Healthcare Compliance Policy

Title: USC Healthcare Compliance Program 
Standard #:

CO – 114

Issued: 11/01/2018 Reviewed/Revision Date:

PURPOSE

This policy:

  1. provides the framework and key elements for the USC Healthcare Compliance Program;
  2. promotes and supports ethical conduct by our healthcare professionals[1]; and
  3. supports our commitment to compliance with applicable laws, regulations, university and departmental policies, and obligations under the USC Code of Ethics.

STANDARD

  1. It is USC policy to maintain a healthcare program that is aligned with the key elements of an effective compliance program as described in the Department of Health and Human Services Office of the Inspector General’s Compliance Program Guidance for hospitals, physicians, and research grants, and other federal guidance including education, policies and procedures, monitoring, etc.
  2. It is USC policy that healthcare professionals and providers comply with federal and state laws, regulations, payer contractual obligations, and USC Compliance Program policies.

ROLES AND RESPONSIBILITIES

Specific roles and responsibilities under the USC Healthcare Compliance Program include:

  1. The Office of Ethics and Compliance (OOC):
    1. Oversees and monitors the USC Healthcare Compliance Program;
    2. Serves as a knowledgeable resource and definitive authority for matters relating to healthcare compliance and HIPAA privacy and security regulations;
    3. Ensures the effectiveness of the program, consistency and overall integration of compliance activities throughout USC’s healthcare enterprise;
    4. Aligns the healthcare compliance program with USC’s Mission, Values, Code of Conduct, policies, and applicable federal and state laws and regulations;
    5. Develops and coordinates the healthcare compliance education program;
    6. Develops policies or provides policy guidance as needed;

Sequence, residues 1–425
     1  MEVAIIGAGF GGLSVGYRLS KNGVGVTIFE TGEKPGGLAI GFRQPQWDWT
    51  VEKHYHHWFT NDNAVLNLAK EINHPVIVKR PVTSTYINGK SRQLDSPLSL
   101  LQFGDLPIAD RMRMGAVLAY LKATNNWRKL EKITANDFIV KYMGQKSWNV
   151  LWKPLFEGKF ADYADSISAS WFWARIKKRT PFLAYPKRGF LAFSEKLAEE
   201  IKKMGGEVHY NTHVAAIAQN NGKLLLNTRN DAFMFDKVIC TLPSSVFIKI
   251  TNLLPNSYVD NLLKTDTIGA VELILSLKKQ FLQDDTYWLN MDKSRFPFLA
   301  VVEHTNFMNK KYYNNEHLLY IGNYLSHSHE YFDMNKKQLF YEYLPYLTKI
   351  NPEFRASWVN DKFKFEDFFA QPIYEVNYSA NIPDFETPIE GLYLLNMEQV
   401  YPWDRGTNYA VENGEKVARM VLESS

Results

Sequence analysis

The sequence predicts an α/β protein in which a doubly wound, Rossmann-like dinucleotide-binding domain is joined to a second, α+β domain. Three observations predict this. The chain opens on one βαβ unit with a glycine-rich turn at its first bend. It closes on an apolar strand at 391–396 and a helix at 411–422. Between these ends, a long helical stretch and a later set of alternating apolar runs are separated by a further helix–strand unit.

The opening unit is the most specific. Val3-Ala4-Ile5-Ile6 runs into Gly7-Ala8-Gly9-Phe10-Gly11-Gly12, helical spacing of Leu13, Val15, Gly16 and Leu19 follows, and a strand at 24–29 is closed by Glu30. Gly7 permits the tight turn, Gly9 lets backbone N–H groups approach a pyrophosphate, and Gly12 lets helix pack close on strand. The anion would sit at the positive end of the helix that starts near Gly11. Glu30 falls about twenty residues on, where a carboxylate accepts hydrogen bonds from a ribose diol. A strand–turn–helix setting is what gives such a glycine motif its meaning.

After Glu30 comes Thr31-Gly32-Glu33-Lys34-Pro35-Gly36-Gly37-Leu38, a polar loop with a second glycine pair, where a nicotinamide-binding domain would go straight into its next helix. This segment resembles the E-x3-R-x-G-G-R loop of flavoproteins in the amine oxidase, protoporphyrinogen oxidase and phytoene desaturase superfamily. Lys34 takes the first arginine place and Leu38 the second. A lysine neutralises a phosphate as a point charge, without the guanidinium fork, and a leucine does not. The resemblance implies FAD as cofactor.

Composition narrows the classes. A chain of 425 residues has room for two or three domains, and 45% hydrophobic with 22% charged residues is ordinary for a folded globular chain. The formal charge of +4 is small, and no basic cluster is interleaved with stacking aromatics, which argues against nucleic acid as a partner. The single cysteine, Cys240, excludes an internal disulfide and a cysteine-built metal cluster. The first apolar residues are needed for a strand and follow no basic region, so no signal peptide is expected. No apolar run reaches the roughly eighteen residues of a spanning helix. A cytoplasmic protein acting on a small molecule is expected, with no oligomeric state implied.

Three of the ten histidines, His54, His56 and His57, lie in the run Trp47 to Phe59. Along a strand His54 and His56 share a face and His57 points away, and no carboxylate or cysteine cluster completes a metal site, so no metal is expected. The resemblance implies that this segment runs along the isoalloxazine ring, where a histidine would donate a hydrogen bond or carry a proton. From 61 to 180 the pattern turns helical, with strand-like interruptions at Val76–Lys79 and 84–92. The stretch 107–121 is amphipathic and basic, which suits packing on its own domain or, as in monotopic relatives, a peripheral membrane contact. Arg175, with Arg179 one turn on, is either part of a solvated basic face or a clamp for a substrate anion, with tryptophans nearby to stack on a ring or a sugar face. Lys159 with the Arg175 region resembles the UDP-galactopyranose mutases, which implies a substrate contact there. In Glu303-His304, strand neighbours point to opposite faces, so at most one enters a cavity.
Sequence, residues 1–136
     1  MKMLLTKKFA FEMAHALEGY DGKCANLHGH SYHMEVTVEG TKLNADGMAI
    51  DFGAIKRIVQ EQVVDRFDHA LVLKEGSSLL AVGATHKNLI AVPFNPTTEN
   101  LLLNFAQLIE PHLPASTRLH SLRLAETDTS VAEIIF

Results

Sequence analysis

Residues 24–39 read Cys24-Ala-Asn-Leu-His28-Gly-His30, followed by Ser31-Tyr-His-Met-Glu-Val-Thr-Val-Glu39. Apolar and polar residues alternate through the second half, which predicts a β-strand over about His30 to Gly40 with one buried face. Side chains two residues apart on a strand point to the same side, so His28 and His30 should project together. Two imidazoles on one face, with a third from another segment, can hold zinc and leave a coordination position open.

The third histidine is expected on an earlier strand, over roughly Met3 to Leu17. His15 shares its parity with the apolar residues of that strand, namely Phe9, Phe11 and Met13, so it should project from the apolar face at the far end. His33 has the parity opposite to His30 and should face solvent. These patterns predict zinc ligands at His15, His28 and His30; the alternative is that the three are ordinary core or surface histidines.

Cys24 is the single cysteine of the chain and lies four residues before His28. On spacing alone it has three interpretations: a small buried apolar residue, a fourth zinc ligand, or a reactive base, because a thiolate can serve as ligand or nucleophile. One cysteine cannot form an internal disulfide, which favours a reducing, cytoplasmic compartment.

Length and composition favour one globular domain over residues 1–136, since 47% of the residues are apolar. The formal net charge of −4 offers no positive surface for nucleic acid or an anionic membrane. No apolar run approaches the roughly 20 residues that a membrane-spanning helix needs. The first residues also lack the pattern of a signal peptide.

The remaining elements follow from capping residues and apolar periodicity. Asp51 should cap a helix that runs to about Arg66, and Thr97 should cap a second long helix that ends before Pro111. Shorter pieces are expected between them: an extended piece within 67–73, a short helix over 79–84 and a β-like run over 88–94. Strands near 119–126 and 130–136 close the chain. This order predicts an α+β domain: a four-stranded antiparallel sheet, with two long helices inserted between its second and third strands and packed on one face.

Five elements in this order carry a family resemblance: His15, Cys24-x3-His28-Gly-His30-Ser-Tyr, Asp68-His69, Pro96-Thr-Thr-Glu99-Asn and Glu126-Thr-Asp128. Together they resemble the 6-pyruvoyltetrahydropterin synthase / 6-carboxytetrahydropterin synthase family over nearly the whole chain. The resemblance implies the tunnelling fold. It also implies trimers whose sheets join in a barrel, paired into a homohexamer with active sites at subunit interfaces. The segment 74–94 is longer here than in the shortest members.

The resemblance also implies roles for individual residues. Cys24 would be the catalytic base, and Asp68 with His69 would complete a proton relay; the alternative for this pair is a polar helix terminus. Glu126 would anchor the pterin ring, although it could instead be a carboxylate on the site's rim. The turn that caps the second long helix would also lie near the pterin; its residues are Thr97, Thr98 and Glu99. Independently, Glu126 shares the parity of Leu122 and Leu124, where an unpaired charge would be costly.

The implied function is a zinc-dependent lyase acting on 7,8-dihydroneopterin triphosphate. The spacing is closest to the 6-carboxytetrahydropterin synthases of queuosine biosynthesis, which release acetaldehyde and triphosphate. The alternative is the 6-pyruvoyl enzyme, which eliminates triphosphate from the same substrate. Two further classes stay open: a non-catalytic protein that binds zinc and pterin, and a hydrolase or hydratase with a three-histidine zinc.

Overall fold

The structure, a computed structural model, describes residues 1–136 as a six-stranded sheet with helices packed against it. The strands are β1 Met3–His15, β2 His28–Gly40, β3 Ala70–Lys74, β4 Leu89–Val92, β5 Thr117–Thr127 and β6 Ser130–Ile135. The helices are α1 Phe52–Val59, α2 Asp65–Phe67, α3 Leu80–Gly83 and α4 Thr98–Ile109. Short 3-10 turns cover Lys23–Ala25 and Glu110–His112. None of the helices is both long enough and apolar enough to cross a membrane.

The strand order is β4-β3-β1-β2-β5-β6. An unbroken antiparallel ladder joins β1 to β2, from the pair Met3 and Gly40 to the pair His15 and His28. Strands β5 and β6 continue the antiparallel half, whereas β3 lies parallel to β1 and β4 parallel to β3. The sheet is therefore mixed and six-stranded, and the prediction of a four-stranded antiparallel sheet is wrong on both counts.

7. Supports a culture that encourages the reporting of suspected fraud, waste and abuse or other improper conduct without fear of retaliation;
    8. Participates in various compliance committee meetings with physicians and operational business leaders;
    9. Coordinates and reports on monitoring activities;
    10. Receives and investigates reports of alleged unethical or illegal conduct or other allegations that violates USC’s healthcare policies, laws, or regulations;
    11. Reports on the status of the healthcare compliance program to the Audit and Compliance Committee of the USC Board of Trustees and to senior management;
    12. Periodically reviews the compliance program and recommends revisions to meet changes or emergent risks in the business and regulatory environments.
  2. Healthcare Professionals and Providers shall:
    1. Comply with applicable laws, regulations, university and departmental policies, and obligations under the USC Code of Ethics;
    2. Comply with applicable coding, billing and documentation requirements;
    3. Cooperate with auditing and monitoring reviews designed to identify and manage coding and documentation risks;
    4. Complete required healthcare compliance and HIPAA education in addition to compliance-related hospital or clinic education that applies to their roles;